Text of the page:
Quantitative approaches are becoming an essential part of modern biology research. For example, systems biologists construct models of complex biological systems to help flesh out conceptual frameworks and to gauge the completeness of our current understanding of those systems (1). Such quantitative approaches come naturally to Jagesh Shah (2).
Shah first trained as an engineer—working on man-made systems—before becoming enthralled by the ones nature built (3). In his lab at Harvard, Shah uses modeling to guide his inquiries into cell behavior (4, 5). We called him to talk about his career and to find out what the mitotic spindle checkpoint and cilia have in common.
Why did you do your undergraduate and graduate work in engineering?
I was probably inspired by my father, who is an engineer. As a kid I spent a lot of time with him taking things apart and putting them back together. I was interested in how technology works, so, when I went to college, I studied computer engineering. I liked what I was studying academically, but having spent time in industry I didn't want to work there. I wanted to do more theoretical work, so I decided to go to graduate school.
I had taken biology in high school, but I wasn't very excited about it at the time. It wasn't until the early part of graduate school that I really got hooked into biology.
“What is it about [the kinetochore] that can cause the entire cell to basically stop?”
What got you hooked?
For graduate school, I had found a joint program administered between MIT and Harvard where you did your PhD in engineering at MIT and medical school classes at Harvard Medical School. To prepare, I took a freshman biology class, and almost every piece of information transmitted to me by the professors was new to me. It was a transformative experience. As an engineer you could say, “I know how a computer works, and I could in principle build one and explain to you how it works.” But then somebody shows you a neutrophil crawling around after a bacterium, and you think, “How the heck does that work?” I was absolutely blown away. I couldn't even imagine writing a program to do the things that a cell does, let alone the program in the cell's nucleus that makes a whole human being. What's the design principle underlying that? At that point, I thought, “This is what I have to do.”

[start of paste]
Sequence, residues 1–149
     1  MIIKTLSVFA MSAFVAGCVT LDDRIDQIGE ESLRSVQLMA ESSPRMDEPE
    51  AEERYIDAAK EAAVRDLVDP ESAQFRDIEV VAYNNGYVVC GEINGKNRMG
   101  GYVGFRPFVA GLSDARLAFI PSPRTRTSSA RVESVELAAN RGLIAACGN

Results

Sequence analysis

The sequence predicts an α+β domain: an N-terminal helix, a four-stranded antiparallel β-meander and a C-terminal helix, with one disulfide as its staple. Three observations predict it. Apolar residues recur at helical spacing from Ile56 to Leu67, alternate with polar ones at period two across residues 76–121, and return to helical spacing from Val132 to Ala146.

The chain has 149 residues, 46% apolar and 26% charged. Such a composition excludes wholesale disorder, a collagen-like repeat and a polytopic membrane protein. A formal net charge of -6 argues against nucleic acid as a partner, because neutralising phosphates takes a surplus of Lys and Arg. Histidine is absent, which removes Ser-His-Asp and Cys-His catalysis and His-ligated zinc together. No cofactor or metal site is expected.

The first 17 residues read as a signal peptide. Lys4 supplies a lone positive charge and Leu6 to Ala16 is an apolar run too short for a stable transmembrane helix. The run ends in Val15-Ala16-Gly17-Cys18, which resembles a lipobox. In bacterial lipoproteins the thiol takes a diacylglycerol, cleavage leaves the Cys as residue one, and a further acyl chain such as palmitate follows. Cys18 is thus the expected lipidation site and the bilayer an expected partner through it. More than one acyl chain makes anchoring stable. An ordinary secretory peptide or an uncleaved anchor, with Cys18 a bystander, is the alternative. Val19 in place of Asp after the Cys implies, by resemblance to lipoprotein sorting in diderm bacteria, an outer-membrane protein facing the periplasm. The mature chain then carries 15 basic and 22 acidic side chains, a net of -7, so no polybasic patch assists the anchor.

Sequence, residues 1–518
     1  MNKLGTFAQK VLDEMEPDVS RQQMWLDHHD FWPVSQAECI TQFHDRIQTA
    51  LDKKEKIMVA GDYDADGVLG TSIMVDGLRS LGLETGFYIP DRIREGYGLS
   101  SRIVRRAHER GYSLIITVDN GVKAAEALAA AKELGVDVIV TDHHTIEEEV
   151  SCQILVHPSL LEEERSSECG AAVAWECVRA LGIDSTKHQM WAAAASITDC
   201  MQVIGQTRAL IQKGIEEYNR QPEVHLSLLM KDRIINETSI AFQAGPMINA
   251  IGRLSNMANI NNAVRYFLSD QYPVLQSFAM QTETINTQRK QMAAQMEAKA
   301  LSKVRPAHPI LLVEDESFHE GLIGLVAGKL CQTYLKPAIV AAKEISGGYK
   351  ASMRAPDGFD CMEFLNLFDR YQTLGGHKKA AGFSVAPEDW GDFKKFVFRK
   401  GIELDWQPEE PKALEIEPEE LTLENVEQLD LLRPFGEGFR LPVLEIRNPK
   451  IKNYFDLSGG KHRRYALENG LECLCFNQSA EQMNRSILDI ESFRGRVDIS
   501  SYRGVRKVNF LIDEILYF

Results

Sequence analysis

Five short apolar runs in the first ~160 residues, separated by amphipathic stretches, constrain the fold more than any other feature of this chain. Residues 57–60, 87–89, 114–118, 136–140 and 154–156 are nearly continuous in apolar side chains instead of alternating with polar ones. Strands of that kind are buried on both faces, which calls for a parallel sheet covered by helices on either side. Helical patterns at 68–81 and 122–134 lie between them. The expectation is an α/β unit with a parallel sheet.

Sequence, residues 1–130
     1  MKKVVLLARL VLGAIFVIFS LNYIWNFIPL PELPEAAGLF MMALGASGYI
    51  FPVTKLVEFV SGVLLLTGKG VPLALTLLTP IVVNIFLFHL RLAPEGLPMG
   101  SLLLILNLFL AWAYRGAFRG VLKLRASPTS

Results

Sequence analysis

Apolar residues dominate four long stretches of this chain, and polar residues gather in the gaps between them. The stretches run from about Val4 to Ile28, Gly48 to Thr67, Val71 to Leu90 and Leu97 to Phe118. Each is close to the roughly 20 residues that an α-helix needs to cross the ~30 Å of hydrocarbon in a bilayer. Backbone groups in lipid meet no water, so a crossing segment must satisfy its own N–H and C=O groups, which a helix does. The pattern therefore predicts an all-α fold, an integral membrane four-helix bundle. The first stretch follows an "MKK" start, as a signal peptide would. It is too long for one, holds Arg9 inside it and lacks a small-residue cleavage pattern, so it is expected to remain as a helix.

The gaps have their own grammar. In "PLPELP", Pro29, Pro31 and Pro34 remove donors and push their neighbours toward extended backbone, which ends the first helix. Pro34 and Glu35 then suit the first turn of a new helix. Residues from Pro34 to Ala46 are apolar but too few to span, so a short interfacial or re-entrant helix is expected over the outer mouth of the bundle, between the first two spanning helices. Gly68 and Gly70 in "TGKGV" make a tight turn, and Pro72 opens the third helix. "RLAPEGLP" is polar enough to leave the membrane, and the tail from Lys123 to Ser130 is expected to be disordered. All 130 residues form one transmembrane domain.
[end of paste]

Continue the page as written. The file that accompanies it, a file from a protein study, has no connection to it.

ENGINEERING A CAREER
So you changed tracks?
Many people told me, “This is pretty late in the game. How are you going to catch up?” I think that this is where I was lucky to find a mentor who would give me a chance. My PhD advisor was Paul Janmey, a biophysicist who is now at Penn. He was at Harvard when I was a graduate student. He said, “You know what? Here's an opportunity to work on a research project that probably you know nothing about, but I have a sense that you're going to be able to do fine on it.”
I finished my PhD with Paul, where we had worked on cytoskeletal mechanics and motor transport of cytoskeletal elements, and then my wife got a job offer as faculty at the University of California in San Diego. I didn't have a postdoc lined up, but we decided we had to go. So I had a very interesting experience where I used to go visit her and make appointments at various labs. I must've seen 15 labs.
At the time, Don Cleveland and Larry Goldstein had this collaboration where they were looking at how cytoskeletal elements are transported down axons to renew the axonal cytoskeleton. Larry is a geneticist who feels that, whenever possible, all your work should be done in animals, whereas Don is a reductional biochemist. It was an opportunity for me to learn two very different approaches to biology.
I started working on the axonal transport problem, and began doing mouse work, a completely new experience for me. I had a lot of downtime doing this, so I started going to some of Don's other lab meetings. One of these was about mitosis—Don was particularly interested in how the spindle assembly checkpoint works. At one point, the mouse facility shut down because of some infection, and it gave me some time to really dig into a new problem. Given my training in Paul's lab, I had some tools I thought I could use to make measurements in the mitosis system, and again I was lucky because Don and Larry were willing to let me try.
This is one of the problems you're working on in your own lab at Harvard?